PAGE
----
Multiple sessions can concurrently perform signals on the same alert. Each session, as it signals the alert, blocks all other concurrent sessions until it commits. This has the effect of serializing the transactions.

Syntax

DBMS_ALERT.SIGNAL (
   name     IN  VARCHAR2,
   message  IN  VARCHAR2);

Parameters

Table 20-7 SIGNAL Procedure Parameters

Parameter Description

name

Name of the alert to signal.

message

Message, of 1800 bytes or less, to associate with this alert.

This message is passed to the waiting session. The waiting session might be able to avoid reading the database after the alert occurs by using the information in the message.



WAITANY Procedure

Call this procedure to wait for an alert to occur for any of the alerts for which the current session is registered.

Syntax

DBMS_ALERT.WAITANY (
   name      OUT  VARCHAR2,
   message   OUT  VARCHAR2,
   status    OUT  INTEGER,
   timeout   IN   NUMBER DEFAULT MAXWAIT);

Parameters

Table 20-8 WAITANY Procedure Parameters

Parameter Description

name

Returns the name of the alert that occurred.

message

Returns the message associated with the alert.

This is the message provided by the SIGNAL call. If multiple signals on this alert occurred before WAITANY, the message corresponds to the most recent SIGNAL call. Messages from prior SIGNAL calls are discarded.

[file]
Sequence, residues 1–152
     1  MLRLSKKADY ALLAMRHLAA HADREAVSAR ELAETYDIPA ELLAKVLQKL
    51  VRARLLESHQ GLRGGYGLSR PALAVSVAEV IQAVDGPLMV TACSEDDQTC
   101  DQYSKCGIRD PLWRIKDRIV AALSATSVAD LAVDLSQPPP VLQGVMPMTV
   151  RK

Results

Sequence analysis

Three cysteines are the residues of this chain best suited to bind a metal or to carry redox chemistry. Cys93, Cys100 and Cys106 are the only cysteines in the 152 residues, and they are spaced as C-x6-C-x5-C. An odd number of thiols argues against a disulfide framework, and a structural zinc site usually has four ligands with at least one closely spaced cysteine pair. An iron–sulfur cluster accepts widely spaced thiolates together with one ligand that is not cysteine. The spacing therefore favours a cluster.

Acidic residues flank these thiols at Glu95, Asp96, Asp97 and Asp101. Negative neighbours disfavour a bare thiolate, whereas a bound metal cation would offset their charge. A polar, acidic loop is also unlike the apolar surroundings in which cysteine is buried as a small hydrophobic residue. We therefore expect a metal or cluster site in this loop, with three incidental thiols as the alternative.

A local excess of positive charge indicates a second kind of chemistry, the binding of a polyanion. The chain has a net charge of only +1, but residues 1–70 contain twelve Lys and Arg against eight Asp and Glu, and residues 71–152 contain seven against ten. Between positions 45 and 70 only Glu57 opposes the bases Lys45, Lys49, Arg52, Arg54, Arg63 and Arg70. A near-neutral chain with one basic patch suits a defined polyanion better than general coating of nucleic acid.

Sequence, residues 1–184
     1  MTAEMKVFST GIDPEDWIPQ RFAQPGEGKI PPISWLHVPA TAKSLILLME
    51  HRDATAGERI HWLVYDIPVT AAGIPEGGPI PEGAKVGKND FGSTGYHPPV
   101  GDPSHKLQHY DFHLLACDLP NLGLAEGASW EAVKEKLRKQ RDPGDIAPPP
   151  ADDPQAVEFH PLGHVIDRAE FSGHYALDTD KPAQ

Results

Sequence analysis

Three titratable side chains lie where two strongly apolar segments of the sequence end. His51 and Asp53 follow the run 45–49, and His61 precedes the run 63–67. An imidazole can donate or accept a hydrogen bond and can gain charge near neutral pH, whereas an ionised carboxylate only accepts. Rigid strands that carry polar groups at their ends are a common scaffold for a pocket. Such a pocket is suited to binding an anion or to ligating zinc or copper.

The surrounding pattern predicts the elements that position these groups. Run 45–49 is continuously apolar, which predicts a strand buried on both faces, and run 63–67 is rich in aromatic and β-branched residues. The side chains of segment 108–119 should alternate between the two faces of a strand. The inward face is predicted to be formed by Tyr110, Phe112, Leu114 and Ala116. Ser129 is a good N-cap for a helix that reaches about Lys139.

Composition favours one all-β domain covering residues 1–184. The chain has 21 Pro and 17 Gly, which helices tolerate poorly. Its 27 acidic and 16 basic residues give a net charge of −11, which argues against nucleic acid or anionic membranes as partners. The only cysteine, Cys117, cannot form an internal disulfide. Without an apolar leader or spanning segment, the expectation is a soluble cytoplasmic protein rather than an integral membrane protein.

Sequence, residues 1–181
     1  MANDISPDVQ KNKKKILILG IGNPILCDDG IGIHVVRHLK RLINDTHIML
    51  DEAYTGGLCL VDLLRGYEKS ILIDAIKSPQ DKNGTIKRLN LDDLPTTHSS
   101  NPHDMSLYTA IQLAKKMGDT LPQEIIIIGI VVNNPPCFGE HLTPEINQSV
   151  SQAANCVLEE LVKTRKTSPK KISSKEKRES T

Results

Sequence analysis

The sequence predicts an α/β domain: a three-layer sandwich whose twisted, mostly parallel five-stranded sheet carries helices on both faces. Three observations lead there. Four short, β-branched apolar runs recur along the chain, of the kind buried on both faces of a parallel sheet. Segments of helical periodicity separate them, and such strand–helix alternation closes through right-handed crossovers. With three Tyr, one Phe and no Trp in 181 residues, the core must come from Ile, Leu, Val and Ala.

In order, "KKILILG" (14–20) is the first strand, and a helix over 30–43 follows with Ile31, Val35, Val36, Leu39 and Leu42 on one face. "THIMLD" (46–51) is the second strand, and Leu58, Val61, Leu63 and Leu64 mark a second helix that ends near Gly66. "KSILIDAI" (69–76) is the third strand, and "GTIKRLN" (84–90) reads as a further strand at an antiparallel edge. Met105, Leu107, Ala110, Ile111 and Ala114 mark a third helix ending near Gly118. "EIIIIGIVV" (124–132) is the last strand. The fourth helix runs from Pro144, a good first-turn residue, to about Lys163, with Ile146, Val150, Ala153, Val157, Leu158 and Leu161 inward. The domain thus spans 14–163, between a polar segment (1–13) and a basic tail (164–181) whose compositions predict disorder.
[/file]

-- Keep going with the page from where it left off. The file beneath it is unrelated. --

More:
status

Values returned:

0 - alert occurred

1 - timeout occurred

timeout

Maximum time to wait for an alert.

If no alert occurs before timeout seconds, this returns a status of 1.


Usage Notes

An implicit COMMIT is issued before this procedure is executed. The same session that waits for the alert may also first signal the alert. In this case remember to commit after the signal and before the wait; otherwise, DBMS_LOCK.REQUEST (which is called by DBMS_ALERT) returns status 4.

Exceptions

-20000, ORU-10024: there are no alerts registered.

WAITONE Procedure

This procedure waits for a specific alert to occur. An implicit COMMIT is issued before this procedure is executed. A session that is the first to signal an alert can also wait for the alert in a subsequent transaction. In this case, remember to commit after the signal and before the wait; otherwise, DBMS_LOCK.REQUEST (which is called by DBMS_ALERT) returns status 4.

Syntax

DBMS_ALERT.WAITONE (
   name      IN   VARCHAR2,
   message   OUT  VARCHAR2,
   status    OUT  INTEGER,
   timeout   IN   NUMBER DEFAULT MAXWAIT);

Parameters

Table 20-9 WAITONE Procedure Parameters

Parameter Description

name

Name of the alert to wait for.

message

Returns the message associated with the alert.

This is the message provided by the SIGNAL call. If multiple signals on this alert occurred before WAITONE, the message corresponds to the most recent SIGNAL call. Messages from prior SIGNAL calls are discarded.

status

Values returned:

0 - alert occurred

1 - timeout occurred

timeout

Maximum time to wait for an alert.

If the named alert does not occurs before timeout seconds, this returns a status of 1.